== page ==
World's hottest travel destination: Embrace Iceland's wild, weird and wonderful culture
Years ago when composing a list of new lands to visit, I decided it would be most efficient to start with actual lands, places with land names. Having seen the lands of Eng, Ire, and Switzer in the past, in 2014 I made Iceland my vacation destination.
If you too are looking for a special land for traveling in 2015, may I suggest this ultimate truth-in-naming country, a destination so cool, it's hot enough for Jay Z and Beyoncé. The power couple visited Iceland twice in December — during the Christmas holidays and to celebrate Jay Z's 45th birthday on December 5.
Other travel guides will tell you what to see, but here’s my check list for getting into the spirit of this land of fire and frozen water.
Explore geology, geography and geometry
If land masses were humans, Iceland would be a hormone-addled adolescent whose parents are going through a turbulent separation. The island lies on both the Eurasian and North American tectonic plates causing this teen to sometimes erupt in volcanic temper tantrums so fierce, it shuts down airports across Europe.
To best experience all this glorious geography, rent a car and drive in a circle. Most of Iceland is spanned by one highway, the Ring Road, that traces the coastline as it loops around the country. This geological volatility creates amazing and varied geography in a compact area. Sometimes sea, volcanoes, glaciers, mountains and waterfalls are not hundreds of miles, but mere steps away from each other.
If you’re the type of traveler who likes to get off the beaten path, don’t worry. Route 1 is mostly two-lane and not very beaten; in fact, there are portions that aren’t completely paved. If you’re the type of traveler who wants a direct itinerary, this is also the path for you, as it’s almost impossible to get lost running a ring.
Enjoy Hollywood-induced deja vu
To discover this amazing geology, early in our trip we headed to Thingvellir National Park, where those idiotic enough to dive into the clear, frigid waters of the Silfra Tectonic Fissure, (even in a dry suit, I don’t think I’ve ever felt so cold) can swim between the two continental plates.
Afterward in a futile attempt to warm up, I took a hike along a starkly rocky ridge. Though I knew Thingvellir is one of the most popular tourist destinations in Iceland, I still felt like I was wandering through time, seeing a primal Earth few humans have beheld. But with that sense came another equally powerful feeling that I had walked this rocky path before. Was it memory or past life knowledge?
Iceland’s alien landscapes overwhelm, offering both a feeling of being small yet special, because so few people in the world have seen these visions. Yet, there were several times, standing on beautiful black beaches or triumphantly climbing along the blue and white ice towers of a glacier, when I felt these sights vaguely familiar, probably because J. J. Abrams, Clint Eastwood, Christopher Nolan and even Ben Stiller have also been beguiled by the same visions.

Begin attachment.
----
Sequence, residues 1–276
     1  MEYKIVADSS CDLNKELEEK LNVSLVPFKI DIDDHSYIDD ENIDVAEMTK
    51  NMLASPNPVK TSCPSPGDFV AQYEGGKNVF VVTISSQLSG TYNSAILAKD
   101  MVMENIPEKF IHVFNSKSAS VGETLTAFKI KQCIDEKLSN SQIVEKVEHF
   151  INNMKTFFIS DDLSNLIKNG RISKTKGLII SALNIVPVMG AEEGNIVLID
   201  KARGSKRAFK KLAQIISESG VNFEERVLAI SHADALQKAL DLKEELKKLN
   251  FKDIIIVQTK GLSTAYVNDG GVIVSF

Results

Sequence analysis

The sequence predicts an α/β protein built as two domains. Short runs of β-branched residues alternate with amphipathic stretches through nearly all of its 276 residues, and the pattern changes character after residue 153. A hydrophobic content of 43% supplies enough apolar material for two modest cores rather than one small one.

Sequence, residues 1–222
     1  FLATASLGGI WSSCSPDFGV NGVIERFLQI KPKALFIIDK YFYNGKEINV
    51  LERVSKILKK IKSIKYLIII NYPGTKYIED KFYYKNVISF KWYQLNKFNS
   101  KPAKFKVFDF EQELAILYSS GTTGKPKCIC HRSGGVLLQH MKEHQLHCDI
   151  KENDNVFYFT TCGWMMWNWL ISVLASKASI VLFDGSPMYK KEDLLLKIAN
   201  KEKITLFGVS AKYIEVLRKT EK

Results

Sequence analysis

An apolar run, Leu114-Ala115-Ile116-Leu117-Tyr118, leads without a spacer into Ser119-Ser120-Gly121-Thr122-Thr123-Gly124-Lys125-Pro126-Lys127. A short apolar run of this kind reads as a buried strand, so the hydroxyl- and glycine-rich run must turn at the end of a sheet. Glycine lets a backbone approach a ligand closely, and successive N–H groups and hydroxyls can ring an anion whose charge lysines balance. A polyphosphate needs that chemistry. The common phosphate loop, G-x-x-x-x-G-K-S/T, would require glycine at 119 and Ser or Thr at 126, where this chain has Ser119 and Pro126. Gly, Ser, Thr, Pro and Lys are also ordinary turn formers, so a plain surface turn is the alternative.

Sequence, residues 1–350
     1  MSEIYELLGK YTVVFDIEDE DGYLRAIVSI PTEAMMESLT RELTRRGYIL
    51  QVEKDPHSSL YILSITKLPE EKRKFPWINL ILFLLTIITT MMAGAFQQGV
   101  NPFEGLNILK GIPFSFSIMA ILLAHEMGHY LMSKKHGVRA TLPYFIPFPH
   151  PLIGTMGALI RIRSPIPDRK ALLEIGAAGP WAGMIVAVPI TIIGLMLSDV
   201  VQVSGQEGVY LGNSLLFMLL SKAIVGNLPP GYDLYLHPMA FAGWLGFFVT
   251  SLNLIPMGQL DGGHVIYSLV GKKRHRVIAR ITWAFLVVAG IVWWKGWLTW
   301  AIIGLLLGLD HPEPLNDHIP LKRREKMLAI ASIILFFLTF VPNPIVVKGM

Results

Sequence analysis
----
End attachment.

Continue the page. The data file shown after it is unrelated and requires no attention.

In the past decade, hordes of film crews have invaded Iceland for movies like Thor 2, The Secret Live of Walter Mitty, Prometheus, Star Trek: Into Darkness, Interstellar and Noah. Still nothing beats seeing these “Sci-Fi Landscapes” in real life.
Claim your own waterfall
Iceland supposedly has 10,000 waterfalls and while I lost count at about 100, that number certainly feels true. Every Iceland travel article seems to have a top 10 to see, but I found the best ones are the odd foss (falls) we had to work to see.
I virtually discovered Bruarfoss (Bridge Falls) puttering on Google Maps, but never found exact directions, so when I made it to the area, I wandered aimlessly on foot inside of Iceland’s version of a summer-house gated community until my traveling companions and I stumbled upon the most intense blue falling waters I’ve ever seen. The wandering made the experience all the richer.
Dynjandi, (Thundering One), looking like some giant tiered water cake, took a two hour’s drive on unpaved, snow-covered, fjord roads and even into a one-lane tunnel deep inside a mountain to reach. Neither of these two falls were the biggest or most famous in Iceland, but they were such a journey, I felt like they belonged to me, if only for a few moments.
Embrace the weird
While not its national bird, in my mind Iceland would be best represented by the puffin, which looks like the product of a whimsical night of debauchery between a toucan and a penguin. The puffin might seem comical hopping around on land, but it’s stunning in the air. The whole country seems filled with such dichotomies and beautiful weirdness.
In Iceland you can bathe in the therapeutic waters of one of the most famous spas in Europe, The Blue Lagoon, when, technically from an engineering stand point, you are in actuality soaking in power plant waste water.In Iceland you can ride around on a tiny horse, find reindeer grazing near the seashore, and almost get in a car crash with a flying swan. I had no idea swans flew. I though they just floated in ponds.
The smallest of towns, which are most towns in a country of only 322,000 people, have at least one communal geothermal heated pool and a gas station selling some reasonably good pizza.
There’s even better pizza and pools in the capitol, Reykjavik, a city full of bustling night life, amazing public art and architecture guarded by street armies of lazy cats in a peace treaty with the air force of water fowl blanketing every watery surface.
This land might be icy, but its people and vast wilderness will send you home with fiery memories to keep you warm for years to come.